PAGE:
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Tuesday July 26, 2011

Getting the right action from behavioural training

UNDER the glow of soft orange light in Panggung Tunku Abdul Rahman in Zoo Negara, about 100 people are sitting silently as Christopher Cain Xavier, a 26-year-old animal trainer at the zoo’s Veterinary Department, walks in.

It is a role reversal exercise and Xavier has volunteered to play the “animal”. He has absolutely no idea what his “trainer” John Dana, a 31-year-old senior keeper at the zoo’s Ape Centre, wants him to do. Everyone else in the room does, however. They had just moments ago decided he should do the front crawl while standing up.

Dana presses a red clicker as Xavier approaches the centre of the room. Xavier knows the drill. He must keep moving randomly and every time he does something right his trainer will press the device. Eight minutes later, Xavier has both arms up in the air. He is frustrated as he still cannot figure out what he is supposed to do. Giving up, he drops his arms and Dana clicks twice.

A wave of wordless excitement spreads through the audience as Xavier slowly raises both arms again, looking intently at Dana. He drops one arm, click. He does the same with the other arm, click. He repeats the action, click, click, click, click. The room explodes into applause.

Mazrul Mahadzir (left), who is a Way Out Experiences staff member based at Zoo Negara, holds a clicker and demonstrates a role reversal exercise by taking on the role of trainer as Megan Elder from Como Park Zoo and Conservatory in Minnesota plays the ‘animal’.

All in the room have jobs that involve the handling of animals. They are in a four-day programme covering everything from husbandry to birth management of orang utans. Keepers from nine American zoos, all experts on apes, are sharing their knowledge with the participants. The training and enrichment techniques being dispensed, however, can be applied to most animals.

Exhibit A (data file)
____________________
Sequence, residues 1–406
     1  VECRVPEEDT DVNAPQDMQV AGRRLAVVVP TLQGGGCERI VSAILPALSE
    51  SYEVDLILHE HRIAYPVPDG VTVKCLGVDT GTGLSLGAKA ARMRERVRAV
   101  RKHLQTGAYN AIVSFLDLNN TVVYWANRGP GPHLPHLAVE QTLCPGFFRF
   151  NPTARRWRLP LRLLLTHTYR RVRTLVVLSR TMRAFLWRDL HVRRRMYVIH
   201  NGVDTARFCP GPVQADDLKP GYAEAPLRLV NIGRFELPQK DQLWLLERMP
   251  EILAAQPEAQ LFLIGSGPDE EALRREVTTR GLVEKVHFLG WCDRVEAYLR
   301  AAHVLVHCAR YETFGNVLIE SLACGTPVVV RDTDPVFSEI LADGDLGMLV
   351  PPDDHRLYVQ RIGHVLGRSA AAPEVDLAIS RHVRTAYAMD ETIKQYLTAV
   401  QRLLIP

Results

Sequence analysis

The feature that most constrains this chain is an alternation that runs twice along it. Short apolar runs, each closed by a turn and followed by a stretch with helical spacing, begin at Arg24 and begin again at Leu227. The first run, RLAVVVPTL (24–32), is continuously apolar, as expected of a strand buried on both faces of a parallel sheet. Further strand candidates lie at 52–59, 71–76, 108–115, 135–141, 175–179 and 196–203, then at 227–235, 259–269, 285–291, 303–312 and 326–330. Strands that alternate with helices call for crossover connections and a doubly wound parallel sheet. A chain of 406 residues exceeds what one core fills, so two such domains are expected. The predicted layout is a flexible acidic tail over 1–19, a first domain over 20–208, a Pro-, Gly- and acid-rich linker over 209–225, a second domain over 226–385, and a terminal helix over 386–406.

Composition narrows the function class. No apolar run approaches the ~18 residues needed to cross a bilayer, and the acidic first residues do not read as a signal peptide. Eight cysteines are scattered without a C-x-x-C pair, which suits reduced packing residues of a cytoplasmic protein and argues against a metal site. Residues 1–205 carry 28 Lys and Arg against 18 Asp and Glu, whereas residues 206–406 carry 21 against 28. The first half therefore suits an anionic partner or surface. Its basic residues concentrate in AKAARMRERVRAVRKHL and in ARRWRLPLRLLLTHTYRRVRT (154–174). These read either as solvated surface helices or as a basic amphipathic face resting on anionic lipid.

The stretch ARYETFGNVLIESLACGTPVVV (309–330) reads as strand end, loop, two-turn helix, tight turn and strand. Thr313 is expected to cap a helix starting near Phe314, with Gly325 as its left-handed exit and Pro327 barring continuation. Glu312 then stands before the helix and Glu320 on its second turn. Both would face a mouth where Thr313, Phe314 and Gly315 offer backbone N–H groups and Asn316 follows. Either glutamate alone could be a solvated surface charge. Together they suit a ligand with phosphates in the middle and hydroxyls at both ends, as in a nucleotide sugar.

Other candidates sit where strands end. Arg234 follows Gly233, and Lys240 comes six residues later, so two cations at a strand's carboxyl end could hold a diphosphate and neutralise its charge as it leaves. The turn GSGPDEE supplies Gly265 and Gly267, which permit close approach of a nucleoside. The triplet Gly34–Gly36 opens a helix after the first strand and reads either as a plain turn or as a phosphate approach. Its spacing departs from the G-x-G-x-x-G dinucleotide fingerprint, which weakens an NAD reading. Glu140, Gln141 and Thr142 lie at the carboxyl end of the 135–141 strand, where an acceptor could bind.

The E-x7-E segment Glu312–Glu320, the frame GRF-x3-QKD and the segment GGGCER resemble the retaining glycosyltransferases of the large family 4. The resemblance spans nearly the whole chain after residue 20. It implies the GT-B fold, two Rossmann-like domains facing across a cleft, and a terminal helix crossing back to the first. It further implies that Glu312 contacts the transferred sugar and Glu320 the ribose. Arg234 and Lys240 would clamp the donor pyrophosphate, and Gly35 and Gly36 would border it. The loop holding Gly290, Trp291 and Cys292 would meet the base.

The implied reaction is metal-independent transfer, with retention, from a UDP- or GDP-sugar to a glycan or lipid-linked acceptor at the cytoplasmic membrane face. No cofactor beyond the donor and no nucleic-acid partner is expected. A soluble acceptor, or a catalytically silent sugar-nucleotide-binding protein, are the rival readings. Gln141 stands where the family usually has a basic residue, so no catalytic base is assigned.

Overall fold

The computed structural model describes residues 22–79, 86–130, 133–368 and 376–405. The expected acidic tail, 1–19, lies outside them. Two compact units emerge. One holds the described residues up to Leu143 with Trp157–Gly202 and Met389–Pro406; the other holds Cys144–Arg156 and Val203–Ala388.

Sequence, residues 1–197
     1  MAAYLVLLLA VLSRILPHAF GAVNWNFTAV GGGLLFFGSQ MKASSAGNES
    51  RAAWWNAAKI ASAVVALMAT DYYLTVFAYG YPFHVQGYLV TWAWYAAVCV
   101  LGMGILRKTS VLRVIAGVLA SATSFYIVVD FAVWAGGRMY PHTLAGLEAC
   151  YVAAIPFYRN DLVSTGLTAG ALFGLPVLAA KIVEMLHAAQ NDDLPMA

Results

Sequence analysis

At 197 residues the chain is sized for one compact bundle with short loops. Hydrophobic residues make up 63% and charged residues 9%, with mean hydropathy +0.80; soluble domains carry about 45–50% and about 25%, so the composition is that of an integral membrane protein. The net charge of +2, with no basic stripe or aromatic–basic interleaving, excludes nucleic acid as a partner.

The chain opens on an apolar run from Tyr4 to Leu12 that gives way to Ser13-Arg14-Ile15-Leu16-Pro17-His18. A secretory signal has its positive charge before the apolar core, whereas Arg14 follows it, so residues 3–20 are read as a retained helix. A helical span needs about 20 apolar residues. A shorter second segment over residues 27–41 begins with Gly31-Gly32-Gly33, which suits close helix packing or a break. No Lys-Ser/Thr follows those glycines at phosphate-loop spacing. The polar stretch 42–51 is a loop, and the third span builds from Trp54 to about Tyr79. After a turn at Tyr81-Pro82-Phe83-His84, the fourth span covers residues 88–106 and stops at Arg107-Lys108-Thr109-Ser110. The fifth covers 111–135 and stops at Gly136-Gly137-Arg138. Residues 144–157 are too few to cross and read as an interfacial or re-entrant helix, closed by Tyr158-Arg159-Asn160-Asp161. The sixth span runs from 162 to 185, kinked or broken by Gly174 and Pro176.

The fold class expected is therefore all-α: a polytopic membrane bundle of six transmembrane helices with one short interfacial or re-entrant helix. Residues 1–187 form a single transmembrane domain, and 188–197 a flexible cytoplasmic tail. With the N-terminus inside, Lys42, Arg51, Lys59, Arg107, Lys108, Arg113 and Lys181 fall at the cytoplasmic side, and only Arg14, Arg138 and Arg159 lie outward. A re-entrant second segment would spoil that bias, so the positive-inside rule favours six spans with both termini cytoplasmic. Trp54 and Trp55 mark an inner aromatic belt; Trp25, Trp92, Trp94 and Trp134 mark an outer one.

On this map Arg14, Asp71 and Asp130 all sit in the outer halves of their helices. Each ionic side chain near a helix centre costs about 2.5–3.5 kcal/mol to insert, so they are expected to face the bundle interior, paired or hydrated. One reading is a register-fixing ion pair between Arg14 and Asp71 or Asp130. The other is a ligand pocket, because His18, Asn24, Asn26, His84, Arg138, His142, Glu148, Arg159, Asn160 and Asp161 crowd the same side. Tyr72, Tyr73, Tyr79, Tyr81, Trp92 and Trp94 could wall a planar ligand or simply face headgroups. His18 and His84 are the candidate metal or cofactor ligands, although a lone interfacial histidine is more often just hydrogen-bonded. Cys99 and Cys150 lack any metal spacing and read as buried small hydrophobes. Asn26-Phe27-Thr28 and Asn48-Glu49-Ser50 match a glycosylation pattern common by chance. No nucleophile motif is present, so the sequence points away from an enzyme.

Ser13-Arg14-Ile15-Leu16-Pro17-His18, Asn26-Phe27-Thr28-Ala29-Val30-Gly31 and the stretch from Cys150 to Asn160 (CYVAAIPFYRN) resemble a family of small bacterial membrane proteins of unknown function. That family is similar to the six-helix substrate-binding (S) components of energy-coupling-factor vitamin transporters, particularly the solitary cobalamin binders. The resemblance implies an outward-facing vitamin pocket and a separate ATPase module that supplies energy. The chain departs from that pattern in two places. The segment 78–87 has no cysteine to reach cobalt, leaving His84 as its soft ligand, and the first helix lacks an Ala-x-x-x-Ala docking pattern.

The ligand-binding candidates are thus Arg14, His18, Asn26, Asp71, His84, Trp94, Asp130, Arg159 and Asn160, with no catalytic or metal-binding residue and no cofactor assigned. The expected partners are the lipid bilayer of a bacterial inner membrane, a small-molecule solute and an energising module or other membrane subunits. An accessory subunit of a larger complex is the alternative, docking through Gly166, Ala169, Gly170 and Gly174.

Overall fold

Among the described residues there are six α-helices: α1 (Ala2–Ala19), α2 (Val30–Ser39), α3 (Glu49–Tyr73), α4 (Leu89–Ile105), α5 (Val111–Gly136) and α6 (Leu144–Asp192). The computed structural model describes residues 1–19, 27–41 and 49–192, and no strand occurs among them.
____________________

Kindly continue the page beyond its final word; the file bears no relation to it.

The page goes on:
Role reversal exercises are done regularly in zoos across the United States, according to Ronda Schwetz, deputy zoo director at Henry Vilas Zoo in Madison, Wisconsin. The main goal of the game is to help keepers appreciate the fact that you can’t speak to animals. Instead, every time the animals hear the clicker, they know they have done something right.

Xavier found that putting himself in the place of the animal gives him an insight into the challenges of language-less learning. He has been with the zoo for nine years and says positive reinforcement is regularly used there.

Also known as operant conditioning, this behavioural training technique is designed to reinforce certain desired behaviours through the use of “reinforcers” such as rewards and treats.

A lot of it is about being patient and capturing that first behaviour just by accident. At the moment, Xavier says everyone does things slightly differently and not everyone uses a clicker. Some use words, others whistle or make noises.

To encourage the tiger to hunt, a cardboard pig, stuffed with meat, is placed in the enclosure.

These tools assist the animal to form a direct cognitive link between the action desired, which it knows will lead to a reward.

Whilst using these tools is not standard practice at Zoo Negara just yet, changes are afoot. It started work on enrichment programmes five years ago but its first attempt at a standardised training scheme began only last month with the “Call In” initiative at the Ape Centre.

At certain times of the day, the orang utans are “called in”. Those who come will be greeted with a click and this will earn them some yummy fruit juice.